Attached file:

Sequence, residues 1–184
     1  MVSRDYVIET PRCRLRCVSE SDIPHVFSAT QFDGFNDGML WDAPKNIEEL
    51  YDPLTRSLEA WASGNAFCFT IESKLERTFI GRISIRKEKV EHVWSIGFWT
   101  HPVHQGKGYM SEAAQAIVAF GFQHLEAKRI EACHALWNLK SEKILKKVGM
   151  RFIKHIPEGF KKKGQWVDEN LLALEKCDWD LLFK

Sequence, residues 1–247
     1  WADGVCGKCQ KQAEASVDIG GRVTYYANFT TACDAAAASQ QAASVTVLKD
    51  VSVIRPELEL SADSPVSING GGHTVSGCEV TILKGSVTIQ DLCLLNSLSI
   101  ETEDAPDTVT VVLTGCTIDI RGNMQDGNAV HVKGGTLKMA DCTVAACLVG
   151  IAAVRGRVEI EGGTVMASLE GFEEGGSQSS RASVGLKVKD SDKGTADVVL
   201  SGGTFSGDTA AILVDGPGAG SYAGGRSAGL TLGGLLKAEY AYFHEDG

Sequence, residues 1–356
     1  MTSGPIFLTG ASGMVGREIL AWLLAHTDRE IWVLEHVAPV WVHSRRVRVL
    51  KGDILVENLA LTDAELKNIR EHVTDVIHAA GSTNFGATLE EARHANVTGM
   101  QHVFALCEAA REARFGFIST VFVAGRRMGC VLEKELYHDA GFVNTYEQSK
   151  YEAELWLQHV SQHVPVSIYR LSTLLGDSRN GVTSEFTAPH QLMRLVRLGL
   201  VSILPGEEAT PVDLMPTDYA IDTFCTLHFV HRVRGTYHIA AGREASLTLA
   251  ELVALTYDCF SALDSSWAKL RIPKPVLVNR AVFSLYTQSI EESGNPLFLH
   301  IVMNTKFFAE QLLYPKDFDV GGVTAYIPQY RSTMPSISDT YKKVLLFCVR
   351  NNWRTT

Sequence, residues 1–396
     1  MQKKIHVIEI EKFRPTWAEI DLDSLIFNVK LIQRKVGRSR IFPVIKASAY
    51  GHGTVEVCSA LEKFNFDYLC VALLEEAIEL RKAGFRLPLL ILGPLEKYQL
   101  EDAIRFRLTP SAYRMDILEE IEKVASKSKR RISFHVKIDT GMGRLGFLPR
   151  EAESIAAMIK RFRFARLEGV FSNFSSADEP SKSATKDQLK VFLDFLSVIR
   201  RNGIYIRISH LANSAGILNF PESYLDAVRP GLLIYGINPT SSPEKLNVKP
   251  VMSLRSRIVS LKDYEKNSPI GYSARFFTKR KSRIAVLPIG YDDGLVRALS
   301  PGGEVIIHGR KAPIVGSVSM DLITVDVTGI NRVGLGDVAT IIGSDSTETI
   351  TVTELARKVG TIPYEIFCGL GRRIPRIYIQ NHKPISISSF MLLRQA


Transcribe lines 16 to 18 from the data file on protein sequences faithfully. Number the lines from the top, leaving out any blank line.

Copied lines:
   151  YEAELWLQHV SQHVPVSIYR LSTLLGDSRN GVTSEFTAPH QLMRLVRLGL
   201  VSILPGEEAT PVDLMPTDYA IDTFCTLHFV HRVRGTYHIA AGREASLTLA
   251  ELVALTYDCF SALDSSWAKL RIPKPVLVNR AVFSLYTQSI EESGNPLFLH